Seeing first-hand the experiences of growers in other states who have implemented controlled-traffic farming (CTF) principles in their businesses may lift the success of CTF implementation in WA, according to the WA No-Tillage Farmers Association (WANTFA).
WANTFA chair Clint Della Bosca, who farms near Southern Cross, says he continues to see a range of benefits from his own CTF system, including weed and disease control and less-compacted soils.
"I think the evidence is now quite clear that reducing wheel tracks has many benefits, not least of which is increased profitability from crops able to grow in healthy, non-compacted soils," Mr Della Bosca says.
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Mr Della Bosca, and WANTFA vice-chair Trevor Syme, led a group of young growers from across Western Australia in a GRDC-invested tour visiting growers in South Australia and Victoria who have implemented some level of CTF strategies.
The group visited a range of different farming businesses, including those that have been operating under controlled-traffic principles for many years, businesses that are new to CTF systems, and mixed cropping and livestock businesses that are incorporating some level of CTF principles into their mixed enterprises.
I think the evidence is now quite clear that reducing wheel tracks has many benefits, not least of which is increased profitability from crops able to grow in healthy, non-compacted soils
Mr Della Bosca says the aim of the tour was to showcase practical examples of how CTF farming operated in other states.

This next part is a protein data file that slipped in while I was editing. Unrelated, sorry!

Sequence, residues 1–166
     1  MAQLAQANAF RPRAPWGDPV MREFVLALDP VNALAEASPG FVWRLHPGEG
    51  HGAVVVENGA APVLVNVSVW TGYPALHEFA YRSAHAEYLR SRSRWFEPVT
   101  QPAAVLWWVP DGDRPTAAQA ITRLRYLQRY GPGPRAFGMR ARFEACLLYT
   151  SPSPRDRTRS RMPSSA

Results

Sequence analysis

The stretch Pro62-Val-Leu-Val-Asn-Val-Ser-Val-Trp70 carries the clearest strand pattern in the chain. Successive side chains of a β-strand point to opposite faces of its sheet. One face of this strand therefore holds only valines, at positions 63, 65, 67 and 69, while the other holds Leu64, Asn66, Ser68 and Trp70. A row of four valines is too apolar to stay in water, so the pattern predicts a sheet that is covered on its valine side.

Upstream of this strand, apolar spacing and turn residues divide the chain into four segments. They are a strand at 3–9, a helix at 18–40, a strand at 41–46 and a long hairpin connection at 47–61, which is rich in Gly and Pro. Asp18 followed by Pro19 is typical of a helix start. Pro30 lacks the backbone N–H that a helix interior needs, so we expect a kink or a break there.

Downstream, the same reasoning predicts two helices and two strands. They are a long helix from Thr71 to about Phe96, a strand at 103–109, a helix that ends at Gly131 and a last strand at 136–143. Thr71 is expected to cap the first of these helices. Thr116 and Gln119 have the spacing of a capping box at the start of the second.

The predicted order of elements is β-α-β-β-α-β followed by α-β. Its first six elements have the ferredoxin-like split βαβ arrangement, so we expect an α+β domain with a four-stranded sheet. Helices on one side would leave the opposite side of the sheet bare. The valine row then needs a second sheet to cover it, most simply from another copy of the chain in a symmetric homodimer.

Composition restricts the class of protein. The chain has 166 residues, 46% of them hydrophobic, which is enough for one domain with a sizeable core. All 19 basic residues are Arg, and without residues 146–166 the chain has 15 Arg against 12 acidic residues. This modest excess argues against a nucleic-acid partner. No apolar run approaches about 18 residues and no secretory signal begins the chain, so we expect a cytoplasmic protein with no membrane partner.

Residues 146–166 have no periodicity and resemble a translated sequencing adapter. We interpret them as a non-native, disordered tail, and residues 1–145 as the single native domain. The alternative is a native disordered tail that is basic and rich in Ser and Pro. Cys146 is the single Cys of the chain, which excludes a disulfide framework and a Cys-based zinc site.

"Given the rise in investment in soil amelioration, particularly deep ripping, we think it's critical to encourage growers to consider adopting CTF principles," he says.
However, Mr Della Bosca says the practical application of how these systems work can often be hard to understand.
"We wanted these young farmers to see how different systems worked, in different scenarios, so they could take home some strategies to assist them in their own businesses," he says.
Given the rise in investment in soil amelioration, particularly deep ripping, we think it's critical to encourage growers to consider adopting CTF principles
The WA group visited farm businesses in the eastern region of South Australia and the north-eastern areas of Victoria before heading to the 3rd International CTF Conference in Ballarat.
Mr Syme says the group had the opportunity to see how businesses incorporated sheep and other livestock into a CTF system and how the different machinery widths worked in different environments.
"One of the growers we visited near Horsham has been operating under a 30-foot (9-metre) CTF system for many years and it was very easy to see the benefits of his system," Mr Syme says.
"In contrast, we visited a couple of growers who were just starting out on their CTF journey, with livestock thrown into the mix so, again, that showed our WA growers that CTF can be implemented in many different ways."
In WA, inspired by what he saw a neighbour doing - and with GRDC's investment in the Soils Constraints West project and DPIRD support - Corrigin-based no-tillage system grain grower Simon Wallwork bought a mouldboard plough and began a soil amelioration program that is resulting in improved water penetration and better grain yields.
His experiences with tillage and soil amelioration tactics are outlined in a GRDC-produced podcast that can be accessed via the GRDC's YouTube channel.
For those growers confused as how to implement a CTF system into their own businesses, My Syme suggested a least-cost path would be to start by considering the widths of the machinery currently owned.
"There is no one-size-fits-all approach to CTF, and if you are just starting the process, I would be looking at my current machinery widths and making long-term machinery purchase decisions from there," he says.
GRDC Research Code: WAN 1811-001 AWX
More information: WA No-Tillage Farmers Association, (08) 9383 7630